If you have read any of my articles in the past, you’d know that I’m very fond of homesteading in the west. While Colorado isn’t a western beachfront, it still has many great western features.
Aside from its beauty, it offers quite a few places to call home, and for cheap. The inexpensive land will allow you to homestead just about anywhere you’d like.
The state is also incredibly sunny, making solar panels an excellent option for power. The state does fall a little short in rainfall, though.
A person who adores mountains, vast flat land, and sun, this is the state for you; it even has a bit of dessert.
To help you along this exciting journey, I have curated a list to help teach you the better ways to approach homesteading in Colorado.
How To Start Homesteading in Colorado?
1: Buy land
The first and most crucial step of homesteading is to look for suitable land to start your journey. The state of Colorado offers agriculture-rich land at a reasonable price.
According to data from the United states department of agriculture 2019, the cost of farm ice is compared to the price of land.
Unlike electric connections in other states in the same year, i.e., in Colorado, the rate was $1,570 per acre, compared to the national average of $3,160.
Because of this, look for a suitable place for yourself that is affordable and not in highly rural areas. Think about hobbies you’ll want to do, like beekeeping.
You should also consider the distances from home to auctions, stores, and hospitals. A snake bite will not wait to prove deadly until you drive 3 hours into town.
2: Safety measures
The second thing you want to work on is safety measures. In Colorado, landowners have the legal right to put a fence around their land to protect it.
In other words, if a passerby does any damage to your resource in an open range or unfenced property, you cannot charge them for it.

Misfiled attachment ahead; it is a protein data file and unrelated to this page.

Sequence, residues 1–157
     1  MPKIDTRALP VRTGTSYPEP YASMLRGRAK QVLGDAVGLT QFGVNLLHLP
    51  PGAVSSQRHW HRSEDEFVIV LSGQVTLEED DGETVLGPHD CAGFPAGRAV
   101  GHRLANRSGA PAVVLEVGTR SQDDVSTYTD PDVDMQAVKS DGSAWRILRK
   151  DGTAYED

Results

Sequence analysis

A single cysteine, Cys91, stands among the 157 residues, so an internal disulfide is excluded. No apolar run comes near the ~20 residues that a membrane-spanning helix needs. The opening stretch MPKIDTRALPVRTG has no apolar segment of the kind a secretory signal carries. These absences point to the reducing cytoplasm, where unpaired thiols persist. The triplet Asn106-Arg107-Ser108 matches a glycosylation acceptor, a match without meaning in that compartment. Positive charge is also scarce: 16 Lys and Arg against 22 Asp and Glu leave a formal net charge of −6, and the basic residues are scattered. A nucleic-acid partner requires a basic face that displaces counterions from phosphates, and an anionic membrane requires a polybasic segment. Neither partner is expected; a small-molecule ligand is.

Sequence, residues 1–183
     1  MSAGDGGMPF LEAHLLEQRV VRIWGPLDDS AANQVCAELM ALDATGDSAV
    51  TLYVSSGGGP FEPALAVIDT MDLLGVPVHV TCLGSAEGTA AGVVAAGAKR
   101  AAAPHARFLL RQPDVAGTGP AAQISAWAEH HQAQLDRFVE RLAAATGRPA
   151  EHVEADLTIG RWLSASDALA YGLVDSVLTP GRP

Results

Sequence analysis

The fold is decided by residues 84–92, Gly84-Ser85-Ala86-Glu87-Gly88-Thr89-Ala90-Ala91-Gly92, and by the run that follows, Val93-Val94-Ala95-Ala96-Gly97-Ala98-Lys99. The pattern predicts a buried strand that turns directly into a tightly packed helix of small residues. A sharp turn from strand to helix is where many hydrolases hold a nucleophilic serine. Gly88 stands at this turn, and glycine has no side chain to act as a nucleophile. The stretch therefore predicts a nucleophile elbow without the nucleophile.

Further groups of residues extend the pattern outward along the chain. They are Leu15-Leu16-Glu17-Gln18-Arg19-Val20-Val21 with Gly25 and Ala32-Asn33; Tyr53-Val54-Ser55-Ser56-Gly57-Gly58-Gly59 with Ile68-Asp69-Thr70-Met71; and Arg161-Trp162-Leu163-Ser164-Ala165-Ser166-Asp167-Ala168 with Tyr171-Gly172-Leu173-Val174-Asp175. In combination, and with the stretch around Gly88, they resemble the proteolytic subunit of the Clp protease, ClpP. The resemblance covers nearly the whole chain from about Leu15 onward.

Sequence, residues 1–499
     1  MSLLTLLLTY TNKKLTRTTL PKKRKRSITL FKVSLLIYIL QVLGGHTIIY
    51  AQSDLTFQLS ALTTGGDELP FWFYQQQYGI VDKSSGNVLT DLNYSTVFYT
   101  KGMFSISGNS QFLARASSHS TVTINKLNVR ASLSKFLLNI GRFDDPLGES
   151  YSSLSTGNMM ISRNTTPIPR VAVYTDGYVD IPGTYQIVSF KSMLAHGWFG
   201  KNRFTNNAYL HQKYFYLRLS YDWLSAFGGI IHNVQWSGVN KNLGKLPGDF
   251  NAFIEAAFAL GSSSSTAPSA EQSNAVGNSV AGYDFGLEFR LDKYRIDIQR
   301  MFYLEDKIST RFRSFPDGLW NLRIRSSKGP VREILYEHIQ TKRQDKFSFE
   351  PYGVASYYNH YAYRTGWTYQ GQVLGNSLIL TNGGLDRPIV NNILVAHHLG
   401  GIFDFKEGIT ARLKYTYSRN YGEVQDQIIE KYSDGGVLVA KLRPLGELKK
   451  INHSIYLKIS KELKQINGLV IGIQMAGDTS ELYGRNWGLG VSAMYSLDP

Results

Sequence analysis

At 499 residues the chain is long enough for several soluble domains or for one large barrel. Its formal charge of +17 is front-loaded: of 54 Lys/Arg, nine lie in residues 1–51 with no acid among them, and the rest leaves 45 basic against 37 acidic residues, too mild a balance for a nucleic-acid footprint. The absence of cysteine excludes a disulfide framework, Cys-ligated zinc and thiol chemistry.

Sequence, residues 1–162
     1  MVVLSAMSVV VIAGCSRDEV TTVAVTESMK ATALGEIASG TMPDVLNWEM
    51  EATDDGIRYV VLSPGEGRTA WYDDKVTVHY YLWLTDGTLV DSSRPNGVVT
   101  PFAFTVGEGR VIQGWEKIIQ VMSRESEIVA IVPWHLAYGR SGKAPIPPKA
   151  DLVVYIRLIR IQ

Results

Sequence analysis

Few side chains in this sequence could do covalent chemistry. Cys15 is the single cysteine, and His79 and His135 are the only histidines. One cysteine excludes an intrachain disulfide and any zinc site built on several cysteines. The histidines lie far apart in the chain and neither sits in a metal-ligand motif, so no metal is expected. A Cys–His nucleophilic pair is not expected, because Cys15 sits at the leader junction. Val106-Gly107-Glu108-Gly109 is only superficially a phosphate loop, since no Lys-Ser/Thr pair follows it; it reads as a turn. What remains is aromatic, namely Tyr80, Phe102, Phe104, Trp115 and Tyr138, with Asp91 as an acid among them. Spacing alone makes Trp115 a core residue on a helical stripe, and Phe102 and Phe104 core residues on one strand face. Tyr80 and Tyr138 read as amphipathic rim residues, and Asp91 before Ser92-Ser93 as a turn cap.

Other safety measures include installing security cameras and alarms in entrance points. Moreover, you can keep a guard dog for this purpose.
Dogs are good at sensing any danger. They not only alert you but also protect the property from intruders.
Large dogs like the caucasian shepherd are great, but you may want to opt for a better-suited dog for warmer weather.
To start homesteading, look for all the possible sources that can help you grow your garden. That will be a constant source of food.
In Colorado, the most essential field crops are corn, wheat, and hay. The state’s leading fruit is the apple. After you’ve eaten the food, toss it in the Vermicomposter.
Moreover, beans, potatoes, grain, sugar, and beets are also produced in the agricultural land.
But it is essential to understand what soil you have on your land because a particular type of plant grows better in a certain kind of soil.
Other than plants, you can look for seafood for your survival. It’s a great idea to have a few weeks’ worths of food cached for when times get slow.
Animals like chickens, rabbits, ducks, goats, and dogs can be part of your homesteading family.
Hearing a hen laying eggs and seeing rabbits running on the farm every morning will give your memories to treasure forever.
Animals like hen are a constant source of egg supply that can be used for breakfast. Similarly, the ducks also lay eggs.
Moreover, the meat of chicken, duck, and rabbits can be consumed as a proper meal. Goats give milk that can be a source of your income as well.
In addition, a dog can be kept for safety and hunting purposes.
5: Electric supply
To survive on the grid, you should set up a proper supply of electricity. Like almost every other machine requires current to work, ensure an appropriate supply of electricity.